Virginia Spofford Seay: Collections Manager
Collections Manager & Registrar of Art & Antiques, Fidelity Investments
WFU Class of 2011
Double Major: History & French
Virginia Spofford Seay is passionate about history. She held internships across undergrad at places like Old Salem, Colonial Williamsburg, and the Picasso Museum in Paris. Now serving as Collections Manager at Fidelity Investments, Virginia shares about her role and the realities of her field.
DeacLink: As you mentioned, you didn’t study art history at Wake. What did you study? How has your career unfolded since?
Virginia Spofford Seay: I double majored in History and French. I became interested in the museum field, but wasn’t exactly sure how to get there. A few professors pointed me to museums, and among the institutions in Winston, MESDA in Old Salem stood out. I began interning there, and during that time I took a class in the history department where we designed an exhibit. I learned that MESDA was actually linked with two other institutions dealing with earlier American antiques: Colonial Williamsburg and Winterthur. After graduation I took an internship at Colonial Williamsburg where I remained for nine months. I was gathering more information about this particular field, and researching grad schools during this time. There are so many programs, and so many types- one year degrees, certificates, online degrees… It was hard to determine what was right for me. The best advice I received came from asking contacts around the industry about their perspectives. I spoke with many curators, collections managers, and museum professionals while deciding what I wanted to do.
In the end I chose to do an MA in Decorative Arts at Bard on Manhattan’s Upper West Side. I was coming in from a summer in Paris at the Picasso Museum. The program melded art history and design, and was known for intentionally recruiting students from a variety of backgrounds to push interdisciplinary education. Students who graduate from this program typically go into their PhD’s afterward. I chose to do an academic program over a museum studies or art history program. I was able to take classes while doing internships which focused on museums and collections management.
After a grad school internship in the State Department in DC, I began feeling ready to go to work. I moved home to Boston and began job hunting. I saw a posting for the role I am currently in, and things just aligned from there. I am a registrar, dealing with both collections management and registrar duties. I have learned that my historical background afforded me transferable skills regardless of the subject area.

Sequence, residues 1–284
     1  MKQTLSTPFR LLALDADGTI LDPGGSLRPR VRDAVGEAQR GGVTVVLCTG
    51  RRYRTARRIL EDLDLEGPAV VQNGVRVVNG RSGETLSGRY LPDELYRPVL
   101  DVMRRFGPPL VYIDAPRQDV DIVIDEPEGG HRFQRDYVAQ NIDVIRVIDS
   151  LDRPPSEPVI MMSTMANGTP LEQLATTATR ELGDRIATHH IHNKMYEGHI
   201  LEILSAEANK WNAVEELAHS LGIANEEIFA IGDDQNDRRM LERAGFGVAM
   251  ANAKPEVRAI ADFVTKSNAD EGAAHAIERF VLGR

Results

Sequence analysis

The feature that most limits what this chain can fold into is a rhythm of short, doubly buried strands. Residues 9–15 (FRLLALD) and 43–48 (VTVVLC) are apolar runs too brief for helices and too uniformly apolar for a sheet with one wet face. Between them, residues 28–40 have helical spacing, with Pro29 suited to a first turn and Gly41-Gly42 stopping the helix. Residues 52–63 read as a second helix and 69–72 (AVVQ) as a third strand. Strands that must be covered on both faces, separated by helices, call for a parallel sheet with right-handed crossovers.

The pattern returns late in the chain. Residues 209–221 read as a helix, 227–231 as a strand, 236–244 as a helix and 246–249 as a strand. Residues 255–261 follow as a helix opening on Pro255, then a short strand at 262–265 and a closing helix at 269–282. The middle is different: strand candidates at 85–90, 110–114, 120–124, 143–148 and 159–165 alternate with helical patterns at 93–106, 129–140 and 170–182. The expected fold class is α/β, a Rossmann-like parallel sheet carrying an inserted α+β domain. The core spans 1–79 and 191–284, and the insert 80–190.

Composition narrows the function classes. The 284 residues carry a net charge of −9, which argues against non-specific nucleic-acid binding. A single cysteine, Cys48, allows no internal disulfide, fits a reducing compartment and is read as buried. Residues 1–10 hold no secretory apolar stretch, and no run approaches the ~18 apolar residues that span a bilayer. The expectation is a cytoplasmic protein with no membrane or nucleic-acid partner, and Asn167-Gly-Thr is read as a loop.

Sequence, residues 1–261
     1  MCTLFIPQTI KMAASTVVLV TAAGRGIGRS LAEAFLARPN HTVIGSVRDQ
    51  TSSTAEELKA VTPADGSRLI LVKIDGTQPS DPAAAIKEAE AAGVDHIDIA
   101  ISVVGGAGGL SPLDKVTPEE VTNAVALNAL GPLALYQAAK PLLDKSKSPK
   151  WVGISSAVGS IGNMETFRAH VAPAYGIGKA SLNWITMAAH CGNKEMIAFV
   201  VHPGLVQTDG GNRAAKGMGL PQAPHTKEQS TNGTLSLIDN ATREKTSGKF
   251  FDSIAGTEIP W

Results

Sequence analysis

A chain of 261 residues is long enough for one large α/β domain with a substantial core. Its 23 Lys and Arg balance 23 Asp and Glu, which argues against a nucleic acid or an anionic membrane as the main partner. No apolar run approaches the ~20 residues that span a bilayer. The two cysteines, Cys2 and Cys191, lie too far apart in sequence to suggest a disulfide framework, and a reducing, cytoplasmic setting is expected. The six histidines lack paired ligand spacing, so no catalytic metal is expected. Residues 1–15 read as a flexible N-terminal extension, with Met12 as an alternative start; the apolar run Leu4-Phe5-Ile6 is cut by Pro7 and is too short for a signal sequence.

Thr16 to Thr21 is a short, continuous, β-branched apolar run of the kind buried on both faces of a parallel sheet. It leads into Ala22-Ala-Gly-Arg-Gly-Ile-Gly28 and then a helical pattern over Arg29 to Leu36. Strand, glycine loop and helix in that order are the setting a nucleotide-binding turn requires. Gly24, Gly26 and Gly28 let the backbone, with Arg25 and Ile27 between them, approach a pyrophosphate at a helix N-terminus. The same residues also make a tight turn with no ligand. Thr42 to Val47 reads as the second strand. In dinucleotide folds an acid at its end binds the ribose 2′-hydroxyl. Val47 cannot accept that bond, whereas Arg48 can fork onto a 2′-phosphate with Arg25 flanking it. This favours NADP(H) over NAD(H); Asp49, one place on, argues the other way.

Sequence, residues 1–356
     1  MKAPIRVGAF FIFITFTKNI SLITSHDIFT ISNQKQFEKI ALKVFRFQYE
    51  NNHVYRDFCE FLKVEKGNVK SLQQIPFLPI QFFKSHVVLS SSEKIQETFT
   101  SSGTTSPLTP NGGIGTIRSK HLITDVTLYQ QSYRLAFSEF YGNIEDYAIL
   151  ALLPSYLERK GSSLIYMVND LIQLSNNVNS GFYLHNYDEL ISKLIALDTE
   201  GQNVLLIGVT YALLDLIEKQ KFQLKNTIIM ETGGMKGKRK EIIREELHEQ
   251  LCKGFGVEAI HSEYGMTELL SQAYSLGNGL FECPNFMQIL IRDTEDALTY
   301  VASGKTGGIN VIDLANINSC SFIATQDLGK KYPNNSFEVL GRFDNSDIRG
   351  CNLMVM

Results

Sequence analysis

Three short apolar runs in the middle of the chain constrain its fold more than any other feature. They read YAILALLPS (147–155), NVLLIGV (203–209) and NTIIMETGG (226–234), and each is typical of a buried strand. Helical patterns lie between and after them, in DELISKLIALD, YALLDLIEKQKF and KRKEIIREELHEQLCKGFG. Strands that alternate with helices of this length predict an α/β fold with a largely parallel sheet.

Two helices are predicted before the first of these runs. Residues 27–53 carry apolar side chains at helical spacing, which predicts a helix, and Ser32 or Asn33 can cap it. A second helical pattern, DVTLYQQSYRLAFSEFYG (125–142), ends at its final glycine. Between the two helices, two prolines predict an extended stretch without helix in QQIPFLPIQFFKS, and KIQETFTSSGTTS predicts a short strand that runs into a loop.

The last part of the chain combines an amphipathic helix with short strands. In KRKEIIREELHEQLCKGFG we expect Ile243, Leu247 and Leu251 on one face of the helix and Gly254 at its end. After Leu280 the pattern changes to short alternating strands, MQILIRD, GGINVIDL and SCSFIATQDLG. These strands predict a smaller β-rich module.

DL: Tell us more about your role at Fidelity.
VS: Work in private corporate art collections is not widely publicized. It’s sort of a ‘hush-hush’ world. We are fortunate to have a large team of 10 people working together. We have a curator, operations managers who organize logistics and art handling, and I am in charge of documenting the location of all of the artwork. In a regular museum setting, that would be akin to exhibition turnover. We move art much more often than museums do, for everyday construction projects, moving a business unit, or simply refreshing the hang. There are also numerous general common areas which we place art into as well. Because there is so much movement involved, I do a lot of shipping. It’s most important to ensure that the artwork is packed sufficiently, and that the lists of what is coming and going are accurate. I also play a part in monitoring the condition of all the works, keeping an eye on their quality, framing, and state of cleanliness. Much of my work is done from a computer as opposed to hands-on. We have a major storage facility in New England where I can handle, process, and label new acquisitions. I do travel to our various locations to complete walkthrough checks of the buildings, but the curators are the ones shopping, researching, and making sure the items in our collection are high quality and relevant to what the company’s focus is.